Digital Technologies are Bringing Global Companies to India

By Sharada Prahladrao

Category:
Industry Trends

Global companies set their sights on Bengaluru in the 1980s but the pace began accelerating only after 2000. Initially, outsourcing to India was considered a cost-effective option for routine jobs; but that is no longer true. Today, an increasing amount of the work is in digital technologies such as Big Data and analytics, mobility, artificial intelligence (AI), machine learning, internet-of-things (IoT), robotics, etc. Hence, global companies are setting up global inhouse centers (GICs) for engineering and research and development in India. The head of an organization, which helps global companies set up GICs said that the center of gravity of Fortune 500 companies is shifting to India and the future strategies of these companies are being invented here.

Digital Technologies are Becoming Drivers of Business

“Conversations are no longer about cost. It is digital technology that is bringing companies here,” added K S Viswanathan, IT industry body NASSCOM’s head of industry initiatives whose responsibility includes dealing with GICs. A total of 1,150 multinationals have global in-house centers in India, employing more than 800,000 people. These new digital technologies are becoming drivers of business, creating new sources of revenue for the global companies, and not just reducing costs or improving productivity.  A few examples:

  • Adobe’s products Acrobat, Illustrator, InDesign are entirely developed and managed out of India
  • Car technology systems for Fiat Chrysler, GM, Volkswagen, Hyundai, and Tata Motors were built at Harman’s India research center

GICs Have Moved Past the Cost Center Stage

NASSCOM has been represented at ARC’s past India forums and K S Viswanathan was a keynote speaker too. He spoke about the drivers for and challenges to the new business models that are

Digital Technologies Enabling GICs

influenced by digitization. The drivers include the need for collaborative manufacturing, software-hardware convergence and software-defined engineering; while the challenges are cybersecurity, standardization, IP ownership, and the exponential growth of connected devices, digital disruption, and Big Data. Reflecting the growing maturity of the Indian IT-BPM industry, GICs today have moved past the “cost center” stage and are focusing on IP-creation, building competencies around emerging technologies, setting up Centers of Excellence and vendor management. Indian GIC leaders are donning global roles and the GIC governance model is more accountability-driven. GICs have also integrated into the prevalent ecosystem by forging partnerships with startups, universities, and service providers. This growth is due to their ability to save costs for an enterprise, while tapping India’s huge talent pool. “GICs have experienced a significant paradigm shift from being offshore service delivery centers to strategic enablers that support the growth, differentiation and innovation agenda of global enterprises,” adds KS Viswanathan.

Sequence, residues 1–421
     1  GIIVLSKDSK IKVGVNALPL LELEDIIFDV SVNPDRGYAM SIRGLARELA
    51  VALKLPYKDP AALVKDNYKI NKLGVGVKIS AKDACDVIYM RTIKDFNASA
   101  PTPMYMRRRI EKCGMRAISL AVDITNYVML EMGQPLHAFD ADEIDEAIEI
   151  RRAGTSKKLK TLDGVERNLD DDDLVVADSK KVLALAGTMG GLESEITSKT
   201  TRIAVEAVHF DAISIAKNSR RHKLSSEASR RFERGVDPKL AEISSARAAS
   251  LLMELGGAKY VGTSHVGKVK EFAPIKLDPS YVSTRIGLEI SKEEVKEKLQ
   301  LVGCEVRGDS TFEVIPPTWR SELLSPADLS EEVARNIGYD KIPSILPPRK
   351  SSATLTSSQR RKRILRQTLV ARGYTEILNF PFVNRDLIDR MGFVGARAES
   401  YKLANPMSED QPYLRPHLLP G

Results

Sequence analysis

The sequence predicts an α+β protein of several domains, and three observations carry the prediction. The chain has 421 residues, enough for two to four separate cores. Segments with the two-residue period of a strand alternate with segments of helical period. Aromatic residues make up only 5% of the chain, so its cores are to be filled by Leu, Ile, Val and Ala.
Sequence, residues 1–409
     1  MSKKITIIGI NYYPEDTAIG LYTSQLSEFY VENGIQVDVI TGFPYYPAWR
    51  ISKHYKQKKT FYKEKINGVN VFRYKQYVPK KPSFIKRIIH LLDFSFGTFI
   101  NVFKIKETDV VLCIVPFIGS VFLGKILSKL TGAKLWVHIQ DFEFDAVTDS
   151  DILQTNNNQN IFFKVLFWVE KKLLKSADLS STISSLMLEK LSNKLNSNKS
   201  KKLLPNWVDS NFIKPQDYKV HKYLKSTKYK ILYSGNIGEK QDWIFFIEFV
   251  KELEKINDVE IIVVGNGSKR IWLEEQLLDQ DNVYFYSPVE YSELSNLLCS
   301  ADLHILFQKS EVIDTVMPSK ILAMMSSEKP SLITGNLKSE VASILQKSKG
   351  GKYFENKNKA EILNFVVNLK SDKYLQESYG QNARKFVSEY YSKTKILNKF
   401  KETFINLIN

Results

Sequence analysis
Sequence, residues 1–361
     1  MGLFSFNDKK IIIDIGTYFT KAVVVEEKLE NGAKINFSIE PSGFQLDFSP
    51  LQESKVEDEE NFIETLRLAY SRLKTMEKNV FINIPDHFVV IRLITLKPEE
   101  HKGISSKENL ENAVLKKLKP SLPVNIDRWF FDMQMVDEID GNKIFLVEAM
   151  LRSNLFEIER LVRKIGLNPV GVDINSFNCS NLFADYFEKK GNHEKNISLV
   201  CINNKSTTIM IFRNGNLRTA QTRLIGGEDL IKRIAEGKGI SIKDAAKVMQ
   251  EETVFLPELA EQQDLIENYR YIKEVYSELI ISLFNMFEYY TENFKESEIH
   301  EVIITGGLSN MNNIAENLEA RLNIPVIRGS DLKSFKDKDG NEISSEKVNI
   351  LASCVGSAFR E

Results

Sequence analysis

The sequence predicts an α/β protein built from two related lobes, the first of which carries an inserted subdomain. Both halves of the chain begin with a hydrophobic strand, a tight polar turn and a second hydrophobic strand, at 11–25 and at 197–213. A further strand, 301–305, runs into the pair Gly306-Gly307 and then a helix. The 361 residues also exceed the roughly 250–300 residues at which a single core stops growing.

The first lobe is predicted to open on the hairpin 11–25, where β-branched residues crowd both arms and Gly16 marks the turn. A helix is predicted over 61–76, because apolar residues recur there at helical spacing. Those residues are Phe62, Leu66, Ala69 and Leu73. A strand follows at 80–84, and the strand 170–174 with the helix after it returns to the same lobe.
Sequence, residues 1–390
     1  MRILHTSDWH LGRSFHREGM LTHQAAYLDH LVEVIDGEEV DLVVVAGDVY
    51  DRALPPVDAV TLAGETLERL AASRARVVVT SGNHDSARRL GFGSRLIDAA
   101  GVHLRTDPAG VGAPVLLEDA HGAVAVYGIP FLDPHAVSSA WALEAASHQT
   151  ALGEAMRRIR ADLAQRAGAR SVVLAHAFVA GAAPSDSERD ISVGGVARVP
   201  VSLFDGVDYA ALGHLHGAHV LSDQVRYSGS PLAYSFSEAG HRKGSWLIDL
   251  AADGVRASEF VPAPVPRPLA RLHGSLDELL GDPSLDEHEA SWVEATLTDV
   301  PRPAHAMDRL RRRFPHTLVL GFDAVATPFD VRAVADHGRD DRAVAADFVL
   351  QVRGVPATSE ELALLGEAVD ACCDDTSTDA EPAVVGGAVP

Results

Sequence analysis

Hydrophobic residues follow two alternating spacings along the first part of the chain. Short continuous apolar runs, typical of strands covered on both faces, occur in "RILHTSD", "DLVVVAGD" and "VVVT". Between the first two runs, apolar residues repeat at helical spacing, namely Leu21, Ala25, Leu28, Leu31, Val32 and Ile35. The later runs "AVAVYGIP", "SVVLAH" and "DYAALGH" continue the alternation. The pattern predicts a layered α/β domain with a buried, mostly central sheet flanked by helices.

Besides, GICs have also taken up the digitization mandate for their parent firms to help them evolve to a Digital Enterprise. Industry statistics reveal that Bengaluru has emerged as the hub of GICs – about 35 percent of the 1,150 GICs in India are based here and focus mainly on R&D. This could be attributed to the growing maturity of the IT industry and the ready base of available talent.  

How GICs will transform India’s industrial scenario:

How GICs will transform India’s industrial scenario
Source: Economic Times

 

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